Napoleon: The Path to Power, 1769–1799
About the book
Napoleon Bonaparte's rise to power was neither inevitable nor smooth; it was full of mistakes, wrong turns and pitfalls. During his formative years his identity was constantly shifting, his character ambiguous and his intentions often ill-defined. He was, however, highly ambitious, and it was this ruthless drive that advanced his career.
This book examines the extraordinary evolution of Napoleon's character and the means by which at the age of thirty he became head of the most powerful country in Europe and skilfully fashioned the image of himself that laid the foundation of the legend that endures to this day.
About the author
Philip Dwyer studied in Perth, Berlin and Paris, where he was a student of France's pre-eminent Napoleonic scholar, Jean Tulard. He has published widely on the Revolutionary and Napoleonic eras, and is the editor of Napoleon and Europe, the author of Talleyrand, and has co-edited Napoleon and His Empire: Europe, 1804-1814.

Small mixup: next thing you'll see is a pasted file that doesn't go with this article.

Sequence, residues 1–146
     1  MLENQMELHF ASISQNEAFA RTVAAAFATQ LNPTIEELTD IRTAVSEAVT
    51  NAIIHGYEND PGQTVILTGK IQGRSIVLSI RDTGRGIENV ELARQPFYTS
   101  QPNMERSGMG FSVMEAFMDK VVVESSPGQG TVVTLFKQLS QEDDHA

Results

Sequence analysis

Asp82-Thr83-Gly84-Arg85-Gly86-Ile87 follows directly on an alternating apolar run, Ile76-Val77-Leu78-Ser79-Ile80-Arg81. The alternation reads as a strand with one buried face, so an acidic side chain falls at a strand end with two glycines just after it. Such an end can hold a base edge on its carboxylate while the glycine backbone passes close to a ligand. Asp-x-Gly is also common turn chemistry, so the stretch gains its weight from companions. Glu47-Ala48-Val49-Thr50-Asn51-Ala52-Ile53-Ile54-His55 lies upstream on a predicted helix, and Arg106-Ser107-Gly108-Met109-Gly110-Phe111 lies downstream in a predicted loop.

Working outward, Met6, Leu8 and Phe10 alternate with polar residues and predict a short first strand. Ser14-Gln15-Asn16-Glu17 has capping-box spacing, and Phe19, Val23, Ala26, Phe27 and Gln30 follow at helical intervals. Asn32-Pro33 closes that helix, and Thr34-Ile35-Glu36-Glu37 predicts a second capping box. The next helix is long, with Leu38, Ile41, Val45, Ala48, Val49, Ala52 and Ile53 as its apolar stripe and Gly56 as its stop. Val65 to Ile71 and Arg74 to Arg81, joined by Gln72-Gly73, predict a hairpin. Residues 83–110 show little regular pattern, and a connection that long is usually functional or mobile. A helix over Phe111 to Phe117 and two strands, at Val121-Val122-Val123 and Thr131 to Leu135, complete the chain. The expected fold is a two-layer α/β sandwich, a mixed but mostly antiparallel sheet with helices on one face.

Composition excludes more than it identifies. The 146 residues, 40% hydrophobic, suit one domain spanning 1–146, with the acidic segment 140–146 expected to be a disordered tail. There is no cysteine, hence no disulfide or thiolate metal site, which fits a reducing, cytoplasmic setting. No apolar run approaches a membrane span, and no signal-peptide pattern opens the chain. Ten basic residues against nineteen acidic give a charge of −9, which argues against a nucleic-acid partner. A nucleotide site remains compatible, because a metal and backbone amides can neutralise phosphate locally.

He is currently a Senior Lecturer in Modern European History and is Director of the Centre for the History of Violence at the University of Newcastle, Australia.
This is a wonderfully engaging history of Napoleon’s first 30 years. It gives fascinating accounts of the murky world of Corsican politics, and also of Napoleon’s complex relationship with his wife Josephine.
The modern resonances of this book are remarkable. The challenges facing Napoleon in the Middle East echo through to today. As well, given Dwyer’s view, Napoleon may well have been the first of the modern politicians to use the media consciously to create an heroic image.
The book is meticulously researched, well written and is a work of significant merit.